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Building Detailed Network Reports with Netflow

by Michael W. Lucas

At 2005's USENIX conference, I attended a talk by an intrusion response expert. He described a situation where a company had hired him to "find out what happened" to the network during an intrusion: who broke in, how did they get in, and what did they do? Anyone who has been there can tell you just what a difficult job this is, even with the full cooperation of the company. The network manager happily provided the specialist with all the logs, particularly the firewall logs. In only a few minutes, the expert determined that the hoarded and protected firewall logs were completely useless. They were intact, but the logs only listed blocked traffic. They recorded what didn't happen, not what had happened! (Yes, this is where you go check your own firewall logging.)

One of the best ways to avoid a situation like this is to record what actually happened, and that's where Netflow comes in. My previous couple of articles show how to monitor network traffic with Netflow and how to use Netflow, flow-tools, and FlowScan to generate pretty and detailed graphics of your network traffic. Netflow can also provide almost any level of visibility into your network's traffic. Netflow records tell us what did happen. The installation in the first article includes all sorts of tools for that.

People need many different things from Netflow data; they've written countless tools to separate that data in the manner they'd like, and then posted them on the Web to help other people. The end result is dozens of slightly different Netflow data processors, all publicly available. Definitely spend some quality time with Google before writing your own. The rest of this article discusses some tools that I find useful in my day-to-day work, which you have already installed during the Netflow setup discussed in the previous articles.

All these commands nondestructively process flow files. The label flowfiles indicates where to put these filenames throughout the rest of this article. You can list multiple files or use wildcards. Note that you must either be in the directory containing the flow files, or give the full path to them.


To peer deeply into individual flows, try flowdumper(1). By default, flowdumper writes all the flows in a file to the screen. I strongly recommend using a pager, as you might have thousands of flows in a single file. Flowdumper requires at least one argument, the flow file to parse.

# flowdumper flowfiles | less

If you're interested in details about traffic to a particular host, you can search within the pager for that IP. Here's a sample of a single flow:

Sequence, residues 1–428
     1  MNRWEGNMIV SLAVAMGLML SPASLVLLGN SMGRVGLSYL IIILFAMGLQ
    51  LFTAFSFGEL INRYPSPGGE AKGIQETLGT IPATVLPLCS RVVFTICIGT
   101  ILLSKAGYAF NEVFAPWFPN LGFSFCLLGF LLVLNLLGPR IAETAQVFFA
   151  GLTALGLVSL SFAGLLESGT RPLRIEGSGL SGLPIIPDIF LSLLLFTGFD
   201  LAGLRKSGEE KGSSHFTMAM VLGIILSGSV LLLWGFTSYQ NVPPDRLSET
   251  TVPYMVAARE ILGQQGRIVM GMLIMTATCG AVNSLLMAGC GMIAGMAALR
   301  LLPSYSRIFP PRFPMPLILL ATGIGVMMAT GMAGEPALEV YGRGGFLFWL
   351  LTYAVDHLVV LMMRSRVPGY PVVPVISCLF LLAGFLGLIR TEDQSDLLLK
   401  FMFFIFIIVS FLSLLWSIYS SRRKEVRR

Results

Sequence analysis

index:          0xc7ffff
  src IP:
  dst IP:
  input ifIndex:  0
  output ifIndex: 0
  src port:       61521
  dst port:       443
  pkts:           10
  bytes:          3015
  IP nexthop:
  start time:     Wed Jul  6 10:47:29 2005
  end time:       Wed Jul  6 10:48:32 2005
  protocol:       6
  tos:            0x0
  src AS:         0
  dst AS:         0
  src masklen:    0
  dst masklen:    0
  TCP flags:      0x1e (PUSH|SYN|ACK|RST)
  engine type:    0
  engine id:      0

Your sensor won't flag flows with BGP data if it's not running BGP. This means that many fields will be blank unless you're collecting flow data from a BGP-using border router. The "router" field is the IP address of the Netflow sensor, which is not necessarily a router. Flow records include the source and destination port and IP address, as well as the number of packets and bytes in this single flow. One interesting set of fields is the start and end times: you can determine whether a large flow used up a lot of bandwidth for a brief time or a trickle of bandwidth for a longer time. The protocol field correlates with the entries in /etc/protocols. If you're using a BGP-speaking router as your sensor, the flow record will include such things as autonomous system (AS) numbers and address mask lengths.

One of flowdumper's most interesting talents is its ability to speak Perl with the -e flag. Flowdumper uses a whole variety of variables, all defined in perldoc Cflow. Here are the ones I find most useful, and they're mostly self-explanatory. (The possible exception is $exporterip, which is the IP address of the Netflow sensor that transmitted this flow.)


I find flowdumper's abilities most useful for answering weird, off-the-cuff questions. For example, back when I worked for an ISP, my boss occasionally asked questions like "Who is using a VPN on our network?" Flowdumper answered that quickly. (Too bad I didn't know about Netflow at the time!) Standard internet traffic uses protocols other than TCP, UDP, and ICMP, so we grab everything else.

# flowdumper -e '6 ne $protocol && 17 ne $protocol && 1 ne $protocol' \

Similarly, packets on my network shouldn't have any unusual Type of Service defined. An unusual ToS indicates some sort of nefarious activity.

# flowdumper -e '0x0 ne $tos' flowfiles

Or I could just grab the flows from a particular sensor and see what traffic passed that part of the network.

# flowdumper -e '"" eq $exporterip' ft-v05.2005-07-06.10*

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